MGEU members at LGA have "reached the limit of what they’re willing to accept and knew they had only one choice moving forward: give their bargaining committee a strong strike mandate." — Michelle Gawronsky, MGEU President
Winnipeg (12 June 2015) — Members of the Manitoba Government and General Employees' Union (MGEU/NUPGE) who work at the Manitoba Liquor and Gaming Authority (LGA) voted 92 per cent in favour of possible strike action in the ongoing negotiation toward a new contract.
Workers at the Manitoba Liquor and Gaming Authority were told by their employer that no one would lose anything as a result of the recent merger, but it became clear to the LGA bargaining committee that was incorrect. As a result, the bargaining committee asked the members to take a strike vote.
LGA proposal contradict reassurances that workers would maintain benefits and wages
“Without getting into specifics that would constitute bargaining in the media, the LGA is looking to roll back health benefits for these employees, while putting a substandard wage proposal on the table. The members have been exceedingly patient with the employer as the merger has been proceeding, and have lent their knowledge and expertise to ensuring it went well. Now they’ve reached the limit of what they’re willing to accept and knew they had only one choice moving forward: give their bargaining committee a strong strike mandate,” said MGEU President Michelle Gawronsky.
A strike mandate does not always mean a strike will follow; it means authority is given to the bargaining committee to establish a strike date if no agreement is reached on a new contract in a reasonable time frame.
The bargaining committee’s main priority is to remain at the bargaining table until a fair agreement can be bargained in earnest.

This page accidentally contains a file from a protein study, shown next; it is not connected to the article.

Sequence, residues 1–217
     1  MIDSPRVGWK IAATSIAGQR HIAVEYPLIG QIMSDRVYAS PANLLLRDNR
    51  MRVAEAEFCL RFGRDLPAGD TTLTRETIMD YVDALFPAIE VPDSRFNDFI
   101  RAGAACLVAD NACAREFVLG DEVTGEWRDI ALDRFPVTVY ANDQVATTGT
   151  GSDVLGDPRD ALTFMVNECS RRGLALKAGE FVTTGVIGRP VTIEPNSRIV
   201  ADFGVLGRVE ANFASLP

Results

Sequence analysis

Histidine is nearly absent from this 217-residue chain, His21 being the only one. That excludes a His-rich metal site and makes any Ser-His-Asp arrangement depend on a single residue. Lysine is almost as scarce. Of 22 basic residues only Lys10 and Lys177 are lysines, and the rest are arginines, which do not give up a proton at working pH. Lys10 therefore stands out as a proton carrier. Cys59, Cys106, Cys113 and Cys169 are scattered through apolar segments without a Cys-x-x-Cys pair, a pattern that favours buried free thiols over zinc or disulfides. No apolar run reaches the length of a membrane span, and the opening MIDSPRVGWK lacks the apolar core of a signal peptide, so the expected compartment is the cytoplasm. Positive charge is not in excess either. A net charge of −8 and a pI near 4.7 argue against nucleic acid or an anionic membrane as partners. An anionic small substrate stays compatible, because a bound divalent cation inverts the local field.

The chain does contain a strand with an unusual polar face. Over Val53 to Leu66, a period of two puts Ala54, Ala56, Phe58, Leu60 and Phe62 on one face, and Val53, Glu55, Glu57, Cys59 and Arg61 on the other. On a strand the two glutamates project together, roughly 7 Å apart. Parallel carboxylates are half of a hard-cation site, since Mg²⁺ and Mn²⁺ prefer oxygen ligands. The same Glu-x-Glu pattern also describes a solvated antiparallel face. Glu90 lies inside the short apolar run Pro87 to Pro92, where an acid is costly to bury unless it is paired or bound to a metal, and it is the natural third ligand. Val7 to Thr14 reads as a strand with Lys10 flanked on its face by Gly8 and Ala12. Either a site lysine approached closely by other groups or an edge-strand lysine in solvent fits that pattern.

What do workers at the LGA do?
The MGEU/NUPGE members at the LGA provide liquor licenses to both bars and restaurants as well as casual licenses for things like wedding socials and fundraisers. They enforce liquor laws of the province at establishments but also in the community when functions take place where liquor is sold. In addition, they provide gaming licenses for events like raffles and fundraisers. They enforce fair gaming, which involves things such as investigating complaints about gaming operations and ensuring the integrity of lotteries and raffles in Manitoba.
What happens if liquor and gaming workers strike? What’s at stake?
Safety is a big part of what this department oversees. So if a liquor inspector isn’t in the community where alcohol is served, no one is checking for over-serving, capacity issues, or serving alcohol to minors.
Manitobans will also want the assurance that if a liquor license is being sought, for example, that it is being processed by someone with experience to know if there is an issue or concern that may affect safety.
Those people looking to host a social or wedding, or sponsor a raffle, contest, or lottery would be affected because the applications for these things would not be processed. In addition, no one wants a delay if a day care or child care centre wants a license to fund raise for new equipment or a new play structure, but this too could be affected.
The National Union of Public and General Employees (NUPGE) is one of Canada's largest labour organizations with over 360,000 members. Our mission is to improve the lives of working families and to build a stronger Canada by ensuring our common wealth is used for the common good. NUPGE